Those that have gone digital aren’t always happy. According to a December 2012 HIMSS Analytics survey, 35 percent of those institutions plan to purchase, replace or upgrade the EHR system they do have. A spring 2013 Software Advice survey had similar findings. More than 30 percent of providers aim to replace their EHR system, the research firm says; of those who are replacing, more than 60 percent say the main reason is dissatisfaction with the system they have, with top reasons including a lack of key features, a cumbersome and complex interface, poor EHR usability and bad hardware.
It’s also been suggested that HHS is spinning EHR adoption numbers in order to tout the success of meaningful use, while others in the EHR debate see meaningful use and other regulations—including a Massachusetts rule that, as of 2015, ties medical licensure to meaningful use attestation—as an “external mandate” that only makes the practice of medicine “increasingly difficult.”
Why are physicians so unsatisfied with the EHR systems they have? There are a few key reasons.
EHR Systems Don’t Meet Physicians’ Mobility Needs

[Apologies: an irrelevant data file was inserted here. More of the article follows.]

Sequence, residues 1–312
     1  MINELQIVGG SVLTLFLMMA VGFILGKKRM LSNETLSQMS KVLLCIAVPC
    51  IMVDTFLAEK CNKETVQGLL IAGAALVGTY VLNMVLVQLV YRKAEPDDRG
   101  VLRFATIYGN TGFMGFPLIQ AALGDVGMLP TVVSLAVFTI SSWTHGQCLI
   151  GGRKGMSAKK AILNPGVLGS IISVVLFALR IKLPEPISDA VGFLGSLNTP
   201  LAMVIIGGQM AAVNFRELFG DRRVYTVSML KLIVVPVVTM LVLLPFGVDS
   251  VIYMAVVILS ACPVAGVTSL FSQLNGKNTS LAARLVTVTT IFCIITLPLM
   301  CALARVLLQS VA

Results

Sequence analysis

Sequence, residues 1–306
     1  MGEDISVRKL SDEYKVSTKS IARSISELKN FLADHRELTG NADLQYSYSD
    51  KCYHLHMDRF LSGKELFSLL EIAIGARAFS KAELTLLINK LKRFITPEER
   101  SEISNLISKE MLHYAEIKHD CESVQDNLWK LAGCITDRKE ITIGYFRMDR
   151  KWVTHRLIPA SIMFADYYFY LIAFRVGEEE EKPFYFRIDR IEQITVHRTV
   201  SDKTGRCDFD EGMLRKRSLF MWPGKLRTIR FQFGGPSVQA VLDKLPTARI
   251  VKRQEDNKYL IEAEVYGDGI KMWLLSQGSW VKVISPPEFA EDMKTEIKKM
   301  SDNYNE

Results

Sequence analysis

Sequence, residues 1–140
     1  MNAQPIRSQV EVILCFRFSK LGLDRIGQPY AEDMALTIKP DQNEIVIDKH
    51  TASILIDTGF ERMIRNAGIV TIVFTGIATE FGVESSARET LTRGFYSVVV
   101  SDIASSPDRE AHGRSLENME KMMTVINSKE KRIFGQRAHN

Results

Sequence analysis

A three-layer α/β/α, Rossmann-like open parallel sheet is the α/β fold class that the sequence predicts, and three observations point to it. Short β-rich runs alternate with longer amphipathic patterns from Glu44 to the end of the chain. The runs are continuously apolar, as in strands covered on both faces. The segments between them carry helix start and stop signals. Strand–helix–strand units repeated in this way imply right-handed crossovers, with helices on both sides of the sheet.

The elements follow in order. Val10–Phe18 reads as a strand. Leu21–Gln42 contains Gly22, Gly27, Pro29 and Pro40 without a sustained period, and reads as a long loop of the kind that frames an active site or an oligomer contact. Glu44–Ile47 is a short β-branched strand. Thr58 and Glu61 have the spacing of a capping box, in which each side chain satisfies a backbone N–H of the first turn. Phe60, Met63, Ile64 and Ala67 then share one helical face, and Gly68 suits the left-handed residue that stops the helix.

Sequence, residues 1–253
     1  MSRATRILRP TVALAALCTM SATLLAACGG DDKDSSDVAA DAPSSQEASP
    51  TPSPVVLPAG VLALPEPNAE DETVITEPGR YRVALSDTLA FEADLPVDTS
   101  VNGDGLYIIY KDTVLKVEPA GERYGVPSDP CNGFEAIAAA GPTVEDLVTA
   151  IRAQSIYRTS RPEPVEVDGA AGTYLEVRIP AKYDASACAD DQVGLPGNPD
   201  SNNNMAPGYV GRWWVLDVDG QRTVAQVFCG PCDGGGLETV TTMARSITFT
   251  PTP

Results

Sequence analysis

First, contrary to popular opinion, physicians aren’t Luddites. The vast majority own smartphones and many also have tablets. They want to use them at work. But they can’t. Admittedly, some challenges stem from bring your own device (BYOD) security concerns, which are of greater concern to healthcare organizations than other enterprises given the sensitive nature of patient data.
The bigger issue is that EHR vendors have been slow to adapt their systems to mobile devices. A recent Black Book poll suggests that physicians want to use mobile EHRs to access patient data but find that most offerings fall flat. EHR vendors can’t change smartphone screen sizes—physicians’ biggest complaint—but they can build apps with intuitive, touch-enabled interfaces instead of simply moving what’s often a legacy interface on the desktop to a mobile device.
Meaningful Use Threatens to Leave Many Doctors Behind
Next year begins stage 2 of meaningful use. It’s more difficult than stage 1, as it progresses from simply using an EHR system to beginning to share information from that system with other healthcare providers.
Many organizations aren’t ready. According to the Accenture survey, the following five features represent the least used EHR functionality:
Electronic communication to support remote consultation and diagnostics.
Electronic notification that a patient has interacted with another healthcare organization.